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I’m so pleased with the colour and patterning in these socks. Now that I have had my vision corrected properly, I’m knitting and sewing so much faster. Imagine! It only took a few days before I adapted to the progressive lenses. Sometimes I still feel like I’m looking through a tunnel (like when I’m in a large store trying to take in the entire space), but detail work is so easy. I’ve already started another sock, in a cashmere-blend yarn that feels like knitting with whipped cream. Heavenly.

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What finally motivated me to get the second sock done? I have another pattern I want to cast on, and I need the needles!  Can’t wait to wear these, though, they feel so soft on the feet.

I’m going to slowly work my way through the socks in Cookie A’s new book, knit.sock.love. Hedera is the first design featured in the book, and I had a skein of Wollmeise 80/20 in Mistelzwieg  already wound and ready to knit. I have finished the first sock. It was a simple knit, and the fit is  wonderful. I have finally learned to knit the heel flap longer so that the sock doesn’t stretch so much over my high instep. I also cast on 70 stitches, which is more than my usual 58-66. Since I use 00 needles (1.75 mm), I get a good tight gauge that will hopefully translate to a pair of socks that will last through a lot of wear.

Wishing you a holiday full of family, friends, good food, and happiness.

One of the first of my fabric-covered box experiments was this one:

The design of the box came about because I had a number of old/useless CDs lying around, and I wanted to make something useful, but pretty, instead of throwing them away. This was years ago, when AOL was bombarding people’s mailboxes with CDs for “free dial-up access for 3 months”. It is really hard to cut a circle out of cardboard by hand, so I used a couple of CDs as the round lid and base for this box. It was easy to lace fabric over them, and once I figured out the dimensions for the other cardboard pieces, it came together fairly quickly.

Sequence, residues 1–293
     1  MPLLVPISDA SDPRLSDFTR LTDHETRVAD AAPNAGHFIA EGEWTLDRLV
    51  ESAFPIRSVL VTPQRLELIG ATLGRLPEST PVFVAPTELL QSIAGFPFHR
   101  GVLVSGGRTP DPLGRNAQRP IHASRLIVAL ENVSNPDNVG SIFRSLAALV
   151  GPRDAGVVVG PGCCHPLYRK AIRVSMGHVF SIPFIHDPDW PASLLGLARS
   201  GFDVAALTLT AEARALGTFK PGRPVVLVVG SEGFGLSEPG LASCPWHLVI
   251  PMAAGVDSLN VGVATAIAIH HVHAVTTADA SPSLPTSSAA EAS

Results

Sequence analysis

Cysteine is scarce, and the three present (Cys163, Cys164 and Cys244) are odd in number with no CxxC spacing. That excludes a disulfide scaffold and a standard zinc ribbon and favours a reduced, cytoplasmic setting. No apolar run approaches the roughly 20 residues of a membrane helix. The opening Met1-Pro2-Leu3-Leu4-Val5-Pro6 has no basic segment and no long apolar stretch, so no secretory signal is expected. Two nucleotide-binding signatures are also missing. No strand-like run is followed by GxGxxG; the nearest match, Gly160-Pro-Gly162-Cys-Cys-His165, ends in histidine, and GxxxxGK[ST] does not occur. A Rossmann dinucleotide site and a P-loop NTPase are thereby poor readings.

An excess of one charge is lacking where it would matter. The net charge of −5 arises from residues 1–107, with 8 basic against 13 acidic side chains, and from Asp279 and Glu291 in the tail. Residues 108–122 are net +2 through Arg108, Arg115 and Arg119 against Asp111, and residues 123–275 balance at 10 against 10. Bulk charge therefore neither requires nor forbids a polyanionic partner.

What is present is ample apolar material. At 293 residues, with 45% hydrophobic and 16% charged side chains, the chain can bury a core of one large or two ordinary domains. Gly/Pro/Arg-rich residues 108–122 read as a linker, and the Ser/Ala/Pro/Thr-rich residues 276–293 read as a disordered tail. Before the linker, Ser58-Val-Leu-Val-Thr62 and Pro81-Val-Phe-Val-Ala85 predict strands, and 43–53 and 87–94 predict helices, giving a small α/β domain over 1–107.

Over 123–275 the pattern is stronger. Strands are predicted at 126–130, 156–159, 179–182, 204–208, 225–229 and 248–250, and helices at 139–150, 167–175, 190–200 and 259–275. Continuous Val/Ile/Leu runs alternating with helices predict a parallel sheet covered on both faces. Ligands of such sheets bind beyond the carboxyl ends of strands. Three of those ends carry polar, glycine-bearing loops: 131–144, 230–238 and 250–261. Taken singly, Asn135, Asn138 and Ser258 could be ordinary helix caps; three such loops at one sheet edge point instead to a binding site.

I make my boxes in the 19th century way–no glue. I use strong thread to lace the fabric to the cardboard (or CD). The pieces are stitched together using a lighter weight thread and a curved needle. Usually, I have to use a 60-weight cotton or a polyester bobbin thread to stitch the edges together, because my curved needles have a tiny eye that won’t accommodate thicker threads. The curved needle is necessary, at least for me, to avoid crazy and painful contortions of the hand when trying to sew box lid to sides without the stitches showing.

This is the way that fabric boxes were made in the Victorian era, when ladies of leisure took to fancy needlework to pass the time. Apparently, it was a popular hobby in France in the late 1800s. Nowadays it is more common to see the practitioners of “cartonnage” using gummed Kraft paper and glue to construct fabric boxes. Contemporary needleworkers like Jane Lemon and Jackie Woolsey (both from the UK, I think) have published books about the traditional hand-sewn techniques of box-making. I have Jane Lemon’s “Embroidered Boxes” and Jackie Woolsey’s book, which I believe is called “Making Hand Sewn Fabric Boxes” (I don’t have it nearby at the moment). I think Jackie’s book is out of print, but it is well worth searching for if you want to learn to make sewn boxes.